The second object with Kosmos 185 must have had a low mass to area ratio as it decayed much faster than the satellite.

Offline Alter Sachse

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Re: The mystery of Cosmos 217
« Reply #7 on: 03/20/2017 02:34 PM »
The second object with Kosmos 185 must have had a low mass to area ratio as it decayed much faster than the satellite.
Cosmos 185 445.61 days -> 14.01.1969
object B                 decayed 27.12.2002 !

Offline gwiz

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Re: The mystery of Cosmos 217
« Reply #8 on: 03/20/2017 02:47 PM »
The second object with Kosmos 185 must have had a low mass to area ratio as it decayed much faster than the satellite.
Cosmos 185 445.61 days -> 14.01.1969
object B                 decayed 27.12.2002 !
So which do you think was the payload?  The object that decayed from a 500 km orbit in 15 months?

Online Phillip Clark

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Re: The mystery of Cosmos 217
« Reply #9 on: 03/20/2017 06:20 PM »
The orbital inclination was a match for the ASAT missions which which flew in October-November 1968.

My guess has always been that the propulsion system failed to ignite to put the payload - an ASAT target - into the high circular orbit like Cosmos 248.

Offline Nicolas PILLET

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Re: The mystery of Cosmos 217
« Reply #10 on: 03/20/2017 06:42 PM »
According to RAE tables the second object was ~6m long and ~2m diameter !

Ho! Good point !

So, my guess that Tsyklon-2(A) launches were ballistic was wrong ! Only 11A59 were ballistics.

Thank you !
Nicolas PILLET
kosmonavtika.com : The French site on Russian Space

Offline Alter Sachse

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Re: The mystery of Cosmos 217
« Reply #11 on: 03/20/2017 08:14 PM »
The second object with Kosmos 185 must have had a low mass to area ratio as it decayed much faster than the satellite.
Cosmos 185 445.61 days -> 14.01.1969
object B                 decayed 27.12.2002 !
So which do you think was the payload?  The object that decayed from a 500 km orbit in 15 months?
This is a mystery to me. Normally the satellit would have to be in orbit for 20...30 years.

Offline Alter Sachse

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Re: The mystery of Cosmos 217
« Reply #12 on: 03/20/2017 08:26 PM »
According to RAE tables the second object was ~6m long and ~2m diameter !

Ho! Good point !

So, my guess that Tsyklon-2(A) launches were ballistic was wrong ! Only 11A59 were ballistics.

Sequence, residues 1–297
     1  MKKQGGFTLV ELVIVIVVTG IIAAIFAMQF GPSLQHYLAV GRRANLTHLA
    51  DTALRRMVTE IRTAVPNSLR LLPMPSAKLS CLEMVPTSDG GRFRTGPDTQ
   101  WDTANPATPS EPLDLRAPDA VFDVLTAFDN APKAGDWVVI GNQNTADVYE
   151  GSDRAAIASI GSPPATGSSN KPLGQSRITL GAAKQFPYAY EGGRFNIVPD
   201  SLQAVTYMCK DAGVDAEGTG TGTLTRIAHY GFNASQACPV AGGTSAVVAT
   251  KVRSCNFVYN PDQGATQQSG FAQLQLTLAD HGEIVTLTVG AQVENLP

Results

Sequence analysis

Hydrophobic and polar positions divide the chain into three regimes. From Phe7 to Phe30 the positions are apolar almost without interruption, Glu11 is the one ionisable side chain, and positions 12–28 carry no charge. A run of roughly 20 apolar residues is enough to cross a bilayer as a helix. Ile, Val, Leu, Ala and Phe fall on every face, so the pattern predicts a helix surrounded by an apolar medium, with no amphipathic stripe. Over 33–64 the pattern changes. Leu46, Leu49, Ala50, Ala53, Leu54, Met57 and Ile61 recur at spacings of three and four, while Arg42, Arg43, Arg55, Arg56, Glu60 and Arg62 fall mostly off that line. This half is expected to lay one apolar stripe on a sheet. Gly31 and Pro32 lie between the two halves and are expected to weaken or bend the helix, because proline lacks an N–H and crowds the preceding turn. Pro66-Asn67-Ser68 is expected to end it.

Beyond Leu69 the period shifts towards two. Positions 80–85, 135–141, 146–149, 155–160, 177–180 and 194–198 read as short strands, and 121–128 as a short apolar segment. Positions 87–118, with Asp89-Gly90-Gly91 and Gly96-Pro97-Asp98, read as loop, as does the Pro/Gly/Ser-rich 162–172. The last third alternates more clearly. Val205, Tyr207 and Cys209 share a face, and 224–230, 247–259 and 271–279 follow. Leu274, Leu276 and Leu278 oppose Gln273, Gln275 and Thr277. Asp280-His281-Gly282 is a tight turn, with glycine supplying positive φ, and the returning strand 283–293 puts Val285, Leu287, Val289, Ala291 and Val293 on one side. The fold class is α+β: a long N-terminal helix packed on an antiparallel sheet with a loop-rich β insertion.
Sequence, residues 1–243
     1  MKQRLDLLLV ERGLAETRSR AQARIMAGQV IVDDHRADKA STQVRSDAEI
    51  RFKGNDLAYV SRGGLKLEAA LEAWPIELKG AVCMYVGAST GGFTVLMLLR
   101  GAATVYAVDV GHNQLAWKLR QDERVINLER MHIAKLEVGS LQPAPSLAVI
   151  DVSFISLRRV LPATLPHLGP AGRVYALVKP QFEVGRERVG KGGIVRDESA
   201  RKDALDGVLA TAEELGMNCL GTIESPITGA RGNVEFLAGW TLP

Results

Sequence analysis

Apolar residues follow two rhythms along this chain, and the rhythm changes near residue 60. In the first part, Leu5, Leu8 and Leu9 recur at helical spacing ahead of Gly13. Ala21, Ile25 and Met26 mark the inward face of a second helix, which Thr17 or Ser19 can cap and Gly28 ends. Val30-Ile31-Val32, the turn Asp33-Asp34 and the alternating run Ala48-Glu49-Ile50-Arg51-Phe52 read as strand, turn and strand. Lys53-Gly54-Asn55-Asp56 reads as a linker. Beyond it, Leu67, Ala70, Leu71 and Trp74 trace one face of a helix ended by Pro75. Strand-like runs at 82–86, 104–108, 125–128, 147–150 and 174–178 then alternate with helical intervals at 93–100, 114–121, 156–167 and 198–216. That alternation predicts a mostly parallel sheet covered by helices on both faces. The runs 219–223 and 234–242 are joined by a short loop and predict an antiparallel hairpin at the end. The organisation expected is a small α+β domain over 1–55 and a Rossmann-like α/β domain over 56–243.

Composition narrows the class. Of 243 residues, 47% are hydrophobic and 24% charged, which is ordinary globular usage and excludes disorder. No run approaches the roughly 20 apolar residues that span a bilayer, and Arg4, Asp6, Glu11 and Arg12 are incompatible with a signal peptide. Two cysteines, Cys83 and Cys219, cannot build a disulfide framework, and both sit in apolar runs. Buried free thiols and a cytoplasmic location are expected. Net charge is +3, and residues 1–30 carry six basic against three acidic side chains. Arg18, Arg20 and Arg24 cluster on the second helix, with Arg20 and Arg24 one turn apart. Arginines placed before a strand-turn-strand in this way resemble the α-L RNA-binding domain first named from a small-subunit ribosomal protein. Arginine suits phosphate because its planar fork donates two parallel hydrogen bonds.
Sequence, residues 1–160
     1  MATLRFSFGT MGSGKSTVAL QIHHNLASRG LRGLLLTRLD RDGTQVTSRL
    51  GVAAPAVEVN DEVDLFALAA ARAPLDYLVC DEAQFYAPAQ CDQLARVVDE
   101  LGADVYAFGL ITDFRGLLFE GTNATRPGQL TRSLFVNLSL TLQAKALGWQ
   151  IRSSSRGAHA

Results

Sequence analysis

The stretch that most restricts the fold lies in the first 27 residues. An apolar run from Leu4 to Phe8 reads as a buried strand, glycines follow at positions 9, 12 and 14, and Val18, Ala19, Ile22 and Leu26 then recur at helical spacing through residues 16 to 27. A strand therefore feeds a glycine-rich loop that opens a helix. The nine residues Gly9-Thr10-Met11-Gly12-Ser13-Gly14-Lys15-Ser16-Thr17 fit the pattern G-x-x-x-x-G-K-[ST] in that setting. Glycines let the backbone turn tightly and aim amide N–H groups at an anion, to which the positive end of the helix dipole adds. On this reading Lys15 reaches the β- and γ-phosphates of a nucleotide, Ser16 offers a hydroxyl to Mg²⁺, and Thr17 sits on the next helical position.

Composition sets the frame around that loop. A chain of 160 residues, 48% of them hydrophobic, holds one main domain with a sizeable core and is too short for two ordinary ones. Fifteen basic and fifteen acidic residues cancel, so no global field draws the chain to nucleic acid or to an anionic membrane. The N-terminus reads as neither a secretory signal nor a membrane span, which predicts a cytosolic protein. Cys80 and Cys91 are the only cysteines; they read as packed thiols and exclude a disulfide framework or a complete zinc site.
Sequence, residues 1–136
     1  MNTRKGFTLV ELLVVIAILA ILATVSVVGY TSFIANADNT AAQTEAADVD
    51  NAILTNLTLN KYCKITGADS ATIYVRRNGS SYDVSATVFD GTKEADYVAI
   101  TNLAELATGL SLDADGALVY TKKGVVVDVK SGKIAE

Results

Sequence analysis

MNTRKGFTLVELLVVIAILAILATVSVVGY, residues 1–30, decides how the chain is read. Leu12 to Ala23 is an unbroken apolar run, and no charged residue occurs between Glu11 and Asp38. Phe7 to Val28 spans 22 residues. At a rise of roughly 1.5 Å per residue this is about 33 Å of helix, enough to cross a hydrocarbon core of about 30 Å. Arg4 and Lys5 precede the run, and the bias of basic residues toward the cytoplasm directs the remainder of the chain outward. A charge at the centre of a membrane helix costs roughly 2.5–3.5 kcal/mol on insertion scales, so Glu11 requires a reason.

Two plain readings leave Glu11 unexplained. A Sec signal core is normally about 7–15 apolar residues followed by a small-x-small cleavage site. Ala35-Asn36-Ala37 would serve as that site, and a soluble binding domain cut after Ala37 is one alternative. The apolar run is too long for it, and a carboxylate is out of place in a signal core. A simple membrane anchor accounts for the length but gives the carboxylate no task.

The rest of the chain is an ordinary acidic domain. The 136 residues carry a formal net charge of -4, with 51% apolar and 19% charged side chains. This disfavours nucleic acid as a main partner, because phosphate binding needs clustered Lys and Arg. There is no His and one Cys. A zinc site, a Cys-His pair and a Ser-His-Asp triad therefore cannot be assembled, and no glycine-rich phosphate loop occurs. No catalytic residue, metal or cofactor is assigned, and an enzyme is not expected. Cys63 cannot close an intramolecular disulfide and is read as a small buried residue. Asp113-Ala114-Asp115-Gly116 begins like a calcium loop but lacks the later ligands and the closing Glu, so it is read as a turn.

Thank you !
Back to Cosmos 217:Only one object.
I support the thesis: not separated from last stage.

Offline Nicolas PILLET

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Re: The mystery of Cosmos 217
« Reply #13 on: 03/20/2017 08:55 PM »
I support the thesis: not separated from last stage.

Yes, and I now agree with this thesis :D.
Nicolas PILLET
kosmonavtika.com : The French site on Russian Space

Offline gwiz

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Re: The mystery of Cosmos 217
« Reply #14 on: 03/21/2017 10:46 AM »
The second object with Kosmos 185 must have had a low mass to area ratio as it decayed much faster than the satellite.
Cosmos 185 445.61 days -> 14.01.1969
object B                 decayed 27.12.2002 !
So which do you think was the payload?  The object that decayed from a 500 km orbit in 15 months?
This is a mystery to me. Normally the satellit would have to be in orbit for 20...30 years.
Just like Object B.  Object A appears to have been a large but low-mass piece of debris.

Offline Danderman

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Re: The mystery of Cosmos 217
« Reply #15 on: 03/21/2017 04:34 PM »
Tsylcon-2a was conceptually similar to Titan II. It did have the capability of achieving orbit without a third stage, so it might be possible that the Soviet military tried a couple of different launch architectures over time, one that inserted the payload into a low orbit, and another that separated from a sub-orbital trajectory.

The two Polyot missions launched on a 2 stage Soyuz were probably tests of the suborbital separation.

This is my attempt at a Rodney King "can't we all get along".



« Last Edit: 03/21/2017 04:35 PM by Danderman »

Offline Nicolas PILLET

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Re: The mystery of Cosmos 217
« Reply #16 on: 03/21/2017 06:20 PM »
The two Polyot missions launched on a 2 stage Soyuz were probably tests of the suborbital separation.

I am 100% sure of this.

See this document :

http://www.kosmonavtika.com/bibliographie/documents/09041964.pdf
Nicolas PILLET
kosmonavtika.com : The French site on Russian Space